German-Jordanian University

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Coordinates: 32°1′32″N 35°52′38″E / 32.02556°N 35.87722°E / 32.02556; 35.87722

German Jordanian University
الجامعة الألمانيه الأردنية
GJU logo.svg
Established 2005
Type Public
Undergraduates 2,801, 41% female[1]
Location Amman, Jordan
Nickname GJU
Website German Jordanian University

The German-Jordanian University (GJU) is a public university located in Al Mushaqqar near Madaba, Jordan. It offers more than 20 programs to roughly 5,000 enrolled students, primarily from Jordan. The curriculum differs from other Jordanian universities in which German language courses are offered as preparation for the fourth academic year at a university of applied science in Germany and an introduction to German industry.

History[edit]

GJU is a public university located in Al Mushaqar, Jordan. It was founded on April 25, 2005, by royal decree in accordance with a Memorandum of Understanding reached between the Ministry of Higher Education and Scientific Research of the Hashemite Kingdom of Jordan, and the Federal Ministry of Education and Research of the Federal Republic of Germany. In August 2004, a founding committee, in close cooperation with the Ministry of Higher Education and Scientific Research[where?], began activities in Jordan. At that same time, a German planning office opened at the University of Magdeburg-Stendal in close cooperation with Germany's Federal Ministry of Education and Research (BMBF) and the German Academic Exchange Service (DAAD), which is funding the university project for a period of four years.[citation needed]

Today, the university is generally perceived as an example of excellent relations between the two countries[citation needed]. Its array of programs are designed to encourage the training of young professionals who could move back and forth more conveniently between Europe and the Middle East.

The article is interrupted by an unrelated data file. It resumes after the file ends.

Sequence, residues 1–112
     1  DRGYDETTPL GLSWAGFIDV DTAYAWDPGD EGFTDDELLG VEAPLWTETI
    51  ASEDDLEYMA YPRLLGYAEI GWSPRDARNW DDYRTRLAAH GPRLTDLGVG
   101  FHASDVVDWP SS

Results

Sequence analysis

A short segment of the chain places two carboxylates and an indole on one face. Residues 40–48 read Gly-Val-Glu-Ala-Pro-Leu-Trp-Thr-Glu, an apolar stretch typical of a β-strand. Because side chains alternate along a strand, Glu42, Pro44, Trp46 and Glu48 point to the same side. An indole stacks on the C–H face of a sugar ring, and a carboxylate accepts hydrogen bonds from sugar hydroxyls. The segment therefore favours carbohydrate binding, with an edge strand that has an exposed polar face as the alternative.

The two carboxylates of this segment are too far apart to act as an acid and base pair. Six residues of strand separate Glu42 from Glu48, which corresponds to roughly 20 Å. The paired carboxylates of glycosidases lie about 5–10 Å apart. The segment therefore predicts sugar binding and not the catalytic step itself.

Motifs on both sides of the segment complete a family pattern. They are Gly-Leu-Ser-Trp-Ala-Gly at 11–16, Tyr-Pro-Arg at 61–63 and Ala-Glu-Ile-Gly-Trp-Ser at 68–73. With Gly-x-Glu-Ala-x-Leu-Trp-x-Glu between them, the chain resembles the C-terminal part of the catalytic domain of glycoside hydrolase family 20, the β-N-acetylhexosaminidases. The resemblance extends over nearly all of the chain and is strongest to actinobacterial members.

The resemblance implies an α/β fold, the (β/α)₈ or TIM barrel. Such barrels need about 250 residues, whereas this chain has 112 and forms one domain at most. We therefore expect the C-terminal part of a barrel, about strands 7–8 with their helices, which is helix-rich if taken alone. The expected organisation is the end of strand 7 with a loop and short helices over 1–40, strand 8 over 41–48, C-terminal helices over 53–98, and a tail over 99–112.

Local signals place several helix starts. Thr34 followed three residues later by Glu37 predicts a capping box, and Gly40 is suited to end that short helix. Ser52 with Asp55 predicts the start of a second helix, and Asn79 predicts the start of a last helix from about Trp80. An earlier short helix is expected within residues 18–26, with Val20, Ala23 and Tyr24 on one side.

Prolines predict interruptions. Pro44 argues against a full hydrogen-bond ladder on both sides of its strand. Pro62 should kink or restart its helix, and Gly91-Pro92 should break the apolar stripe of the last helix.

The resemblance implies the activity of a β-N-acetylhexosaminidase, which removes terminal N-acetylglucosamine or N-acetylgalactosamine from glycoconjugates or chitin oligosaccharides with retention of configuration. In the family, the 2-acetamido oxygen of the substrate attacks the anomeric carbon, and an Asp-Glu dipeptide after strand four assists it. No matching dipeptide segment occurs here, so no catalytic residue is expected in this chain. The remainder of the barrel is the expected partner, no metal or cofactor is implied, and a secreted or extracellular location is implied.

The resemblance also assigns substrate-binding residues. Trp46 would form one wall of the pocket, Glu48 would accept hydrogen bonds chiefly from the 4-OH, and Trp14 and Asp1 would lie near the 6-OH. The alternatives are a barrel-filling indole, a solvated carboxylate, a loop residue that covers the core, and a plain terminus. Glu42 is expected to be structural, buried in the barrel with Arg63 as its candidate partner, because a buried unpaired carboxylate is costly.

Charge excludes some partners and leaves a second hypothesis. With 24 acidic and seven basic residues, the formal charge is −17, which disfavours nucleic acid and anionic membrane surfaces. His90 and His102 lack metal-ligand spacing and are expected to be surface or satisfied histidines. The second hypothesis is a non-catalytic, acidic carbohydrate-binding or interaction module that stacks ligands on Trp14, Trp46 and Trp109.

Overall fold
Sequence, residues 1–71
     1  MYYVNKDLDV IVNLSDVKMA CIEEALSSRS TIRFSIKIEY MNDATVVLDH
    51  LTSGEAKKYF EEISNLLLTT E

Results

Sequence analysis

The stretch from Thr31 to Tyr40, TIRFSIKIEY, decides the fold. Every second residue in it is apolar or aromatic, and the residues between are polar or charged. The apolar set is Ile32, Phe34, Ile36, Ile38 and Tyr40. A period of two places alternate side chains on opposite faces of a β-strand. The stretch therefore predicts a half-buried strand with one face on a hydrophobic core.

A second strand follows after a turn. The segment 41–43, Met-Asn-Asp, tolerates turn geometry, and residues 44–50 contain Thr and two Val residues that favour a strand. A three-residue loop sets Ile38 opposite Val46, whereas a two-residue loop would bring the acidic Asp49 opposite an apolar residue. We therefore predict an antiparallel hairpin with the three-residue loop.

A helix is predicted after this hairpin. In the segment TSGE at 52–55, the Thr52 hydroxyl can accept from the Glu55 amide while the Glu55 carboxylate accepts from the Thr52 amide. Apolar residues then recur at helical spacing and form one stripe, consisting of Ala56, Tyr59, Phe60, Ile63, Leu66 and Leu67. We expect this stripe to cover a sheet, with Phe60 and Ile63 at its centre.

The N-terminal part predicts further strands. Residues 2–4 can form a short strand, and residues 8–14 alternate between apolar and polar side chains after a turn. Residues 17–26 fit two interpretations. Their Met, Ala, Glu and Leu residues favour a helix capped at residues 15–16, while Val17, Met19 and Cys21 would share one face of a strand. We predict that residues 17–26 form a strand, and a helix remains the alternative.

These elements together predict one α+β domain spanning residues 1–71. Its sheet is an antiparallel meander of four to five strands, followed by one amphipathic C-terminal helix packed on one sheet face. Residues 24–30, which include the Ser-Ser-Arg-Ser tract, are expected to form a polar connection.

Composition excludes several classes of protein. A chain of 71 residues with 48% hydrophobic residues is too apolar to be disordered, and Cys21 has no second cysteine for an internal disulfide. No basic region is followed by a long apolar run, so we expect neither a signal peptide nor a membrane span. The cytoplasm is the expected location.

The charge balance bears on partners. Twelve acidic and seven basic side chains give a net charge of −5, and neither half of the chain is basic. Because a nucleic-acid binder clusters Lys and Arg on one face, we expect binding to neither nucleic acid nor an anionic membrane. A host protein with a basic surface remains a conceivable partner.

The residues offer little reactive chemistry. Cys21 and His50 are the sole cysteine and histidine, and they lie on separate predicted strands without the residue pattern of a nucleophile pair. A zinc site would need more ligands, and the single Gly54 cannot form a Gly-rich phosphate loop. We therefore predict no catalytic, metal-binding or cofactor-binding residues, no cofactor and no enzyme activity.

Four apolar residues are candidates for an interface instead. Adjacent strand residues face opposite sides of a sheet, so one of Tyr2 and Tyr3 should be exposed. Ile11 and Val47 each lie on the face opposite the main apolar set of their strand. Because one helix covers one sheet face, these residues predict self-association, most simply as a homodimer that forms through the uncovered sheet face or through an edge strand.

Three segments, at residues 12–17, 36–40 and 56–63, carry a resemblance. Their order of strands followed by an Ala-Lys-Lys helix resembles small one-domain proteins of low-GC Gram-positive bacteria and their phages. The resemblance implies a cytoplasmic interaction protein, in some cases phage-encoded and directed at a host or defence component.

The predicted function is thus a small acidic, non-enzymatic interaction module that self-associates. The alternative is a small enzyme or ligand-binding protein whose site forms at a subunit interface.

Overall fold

Financial support[edit]

GJU receives funding from the German government, with additional contributions from the State of Saxony-Anhalt and the Magdeburg-Stendal University of Applied Sciences. There are also indications that the American private sector provides financial support through a debt-swap agreement with Germany.[2]

Schools and programs at GJU[edit]

School of Applied Technical Sciences

  • B.Sc. Industrial Engineering
  • B.Sc. Mechatronics Engineering
  • B.Sc. Mechanical And Maintenance Engineering

School of Natural Resources Engineering and Management

  • B.Sc. Energy Engineering
  • B.Sc. Water and Environmental Engineering

School of Applied Medical Sciences

  • B.Sc. Biomedical Engineering
  • B.Sc. Pharmaceutical Chemical Engineering
  • M.Sc. Vision Rehabilitation

School of Management and Logistic Sciences

  • B.A Management Sciences
  • B.A International Accounting
  • B.Sc. Logistic Sciences

School of Computer Engineering and Information Technology

  • B.Sc. Computer Science
  • B.Sc. Computer Engineering
  • B.Sc. Communication Engineering

School of Architecture and Built Environment

  • B.Sc. Architecture
  • B.Sc. Architecture / Interior Architecture
  • B.A. Design and Visual Communication
  • M.Sc. Spatial Planning
  • M.Sc. Architectural Conservation

School of Languages

  • B.A. Translation: German/English/Arabic
  • B.A. German & English for Business & Applied Studies
  • M.A. German as a Foreign Language
  • M.A. Translation: German/English/Arabic

Talal Abu-Ghazaleh Graduate School of Business

  • Master of Business Administration (MBA)

Role of the German Fachhochschulen (universities of applied sciences)[edit]

In close cooperation with the Magdeburg-Stendal University of Applied Science, the project team united approximately 70 German universities of applied sciences into a cooperating consortium. Its members support designing the study programs' curricula, recruiting and selecting qualified German academic staff, and hosting students during their German year. The consortium is open to additional German-language universities of applied sciences that are interested in joining.

The five-year study programs at the GJU will be designed following the model of the German Fachhochschulen (universities of applied sciences). These universities are characterized by their philosophy of industry-based practice and application-oriented approach to knowledge transfer. A large percentage of German professors comprise the academic staff, and courses in German and English as a foreign language are offered to encourage fluency. After an initial phase in English, program courses are taught predominantly in German. Regional studies and cross-cultural communication are also part of the curriculum.

Future[edit]

Plans for a new campus in Madaba, designed to help people with special needs, are underway. When complete, the Madaba campus will accommodate 5,000 students[citation needed].

References[edit]

External links[edit]

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